Mr van Hoesel said because the Netherlands and New Zealand were similar, collaboration would work. . .

New Zealand and Sri Lanka strengthen ties through milk and cricket:

Primary Industries Minister Nathan Guy has finished the first leg of a six day mission to Sri Lanka and India this week, promoting trade and New Zealand’s co-hosting of the ICC Cricket World Cup in 2015.

Mr Guy met with President Rajapaksa and several Sri Lankan Ministers over the last two days.

“Our two countries are building a stronger relationship through the New Zealand-Sri Lanka Dairy Cooperation Arrangement (DCA). The DCA is our commitment to the development of Sri Lanka’s dairy industry,” says Mr Guy.

“New Zealand has one of the world’s most efficient dairy industries, and a lot of valuable expertise to share with Sri Lankan dairy producers.

“There are only 280,000 cows in Sri Lanka compared with 5 million in New Zealand and they are keen to improve their productivity. Genetics, animal husbandry, feeding techniques and technology can all play a part in this.” . .

Minister congratulates conservation innovators:

Conservation Minister Maggie Barry has congratulated the winners of the inaugural Conservation Innovation Awards.

The World Wildlife Fund Conservation Innovation Awards were presented at a ceremony in Wellington last night. The awards recognise innovative approaches to conservation issues.

Ms Barry presented the inaugural award to inventor Gian Badraun and Microsystems Research for their product ‘Trap Minder’, an early response system for monitoring predator traps and bait stations.

“I’m very impressed by how inventive and forward-thinking these solutions are in their practical approach to tackling key conservation issues, including the threat of ‘eco-invaders’ to New Zealand’s biodiversity,” says Ms Barry. . .

Challenge to return more value to the farm gate – West Otago grazier heads to global agri master class:

Learning how sheep and beef farmers in other parts of the world are tackling the challenge of “delivering more value back to the farmgate” will be high on the agenda for West Otago livestock farmer Nelson Hancox when he attends a gathering of leading international farmers in Australia this week.

Mr Hancox, a sheep and cattle producer from Kowai Downs, near Tapanui in the South Island, is among five leading New Zealand farmers selected to participate in the Rabobank Global Farmers Master Class, which commences in Victoria later this week.

The week-long Master Class will see 40 progressive farmers from across the globe gather to share ideas and information on the future of farming and participate in the educational program. . .


Rural round-up

October 31, 2014

Seasonality drives the red meat industries – Keith Woodford:

I have previously described the challenges that seasonality creates for the dairy industry. For New Zealand’s red meat industries, those issues are even more constraining. It is a key part of the reason why restructuring the meat industry is so challenging.

Sheep are designed by nature to give birth in the spring, and their fertility is much reduced at all other times of the year. Given that the market predominantly wants carcasses of 17 – 20 kg, this means that most lambs are ready for slaughter between December and April, with the peak slaughter in a shorter period from January to March.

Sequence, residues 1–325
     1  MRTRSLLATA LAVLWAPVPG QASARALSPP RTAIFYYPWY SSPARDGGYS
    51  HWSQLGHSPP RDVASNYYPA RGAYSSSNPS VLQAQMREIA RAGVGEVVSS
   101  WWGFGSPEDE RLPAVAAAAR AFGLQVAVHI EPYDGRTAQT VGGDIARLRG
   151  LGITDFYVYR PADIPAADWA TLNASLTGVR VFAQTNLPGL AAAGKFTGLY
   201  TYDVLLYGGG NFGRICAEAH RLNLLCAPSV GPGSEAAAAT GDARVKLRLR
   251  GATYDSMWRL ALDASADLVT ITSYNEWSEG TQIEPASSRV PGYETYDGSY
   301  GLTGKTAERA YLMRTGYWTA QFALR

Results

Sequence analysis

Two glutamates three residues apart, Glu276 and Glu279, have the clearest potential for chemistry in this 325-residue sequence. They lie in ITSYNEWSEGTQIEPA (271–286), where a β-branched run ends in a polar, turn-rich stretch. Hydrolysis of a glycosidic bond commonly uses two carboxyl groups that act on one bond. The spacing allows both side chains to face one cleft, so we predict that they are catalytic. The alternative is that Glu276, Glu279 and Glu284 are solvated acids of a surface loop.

In practical terms, this makes impossible the development of a mainstream consumer products industry based on a 12 month supply of chilled lamb. Trying to configure the national industry in this way would lead to exorbitant production costs. . . .

Dam could lift region’s GDP by $54.5m:

A new report shows the gross domestic product of the Nelson Tasman region could be lifted by more than $54 million if a proposed dam is built.

The analysis by the New Zealand Institute of Economic Research has been released during a public consultation of Tasman ratepayers into the possible funding models for the Waimea Community Dam.

The report’s author, senior economist Peter Clough said his analysis suggested the benefits of the dam would more than cover the cost of its construction.

Nelson Economic Development Agency chief executive Bill Findlater said the Lee Valley project definitely stacks up. . .

Details about next Tuesday’s Ruataniwha water event:

Federated Farmers and Irrigation NZ have released more details about the free “Ruataniwha – it’s Now or Never” event, taking place from 7pm next Tuesday (4 November), at the Waipawa/Central Hawke’s Bay Municipal Theatre. 

“It is definitely not going to be a theoretical discussion about economic models, but real world examples of farmers and schemes with costs similar to what the Ruataniwha Water Storage Scheme proposes,” says Will Foley, Federated Farmers Hawke’s Bay.

“Instead of talking about an economic model, we’re bringing up farmers involved in the comparable cost North Otago Irrigation Company scheme and Mid-Canterbury’s BCI scheme.  . .

Sheep, beef farmers want big changes – Sally Rae:

West Otago sheep and beef farmers Nelson and Fiona Hancox want farmers to ”stand up and be counted” and take charge of their futures.

The couple, who are both passionate about the red meat industry and are involved with various groups and industry bodies, believe it is time for farmers to take control.

Mrs Hancox was nominated to attend the 2014 Rabobank Global Farmers Master Class in Australia next month, where she would have been joining farmers from around the world. . .

 

Maori agriculture selling itself short – Gerald Hutching:

Maori agriculture has “huge” potential for development but only 20 per cent of farmland is well developed, 40 per cent is underperforming, and 40 per cent is under-used, says a Massey University academic.

Lecturer and researcher and Kaiarahi Maori Dr Nick Roskruge said about 720,000 hectares of Maori land was farmed, returning $750 million a year, but its short-term potential was $6 billion.

Maori are most strongly represented in the sheep and beef cattle sectors, with dairying becoming increasingly important. About 15,000 Maori are employed in the sector. . .

Capitalising on a perfect partnership on-farm – Jon Morgan:

Rambunctious is the best name for this ram. He’s a big bruiser, used to getting his own way, and he doesn’t like being manhandled.

He struggles out of Peter Tod’s grip and makes a break for freedom. But the Otane farmer’s determination is stronger and the ram is wrestled into submission for a photograph.

He is picked out from a small mob as the most photogenic because of his open face, long back, well-shaped legs, sound feet, and meaty hindquarters. . .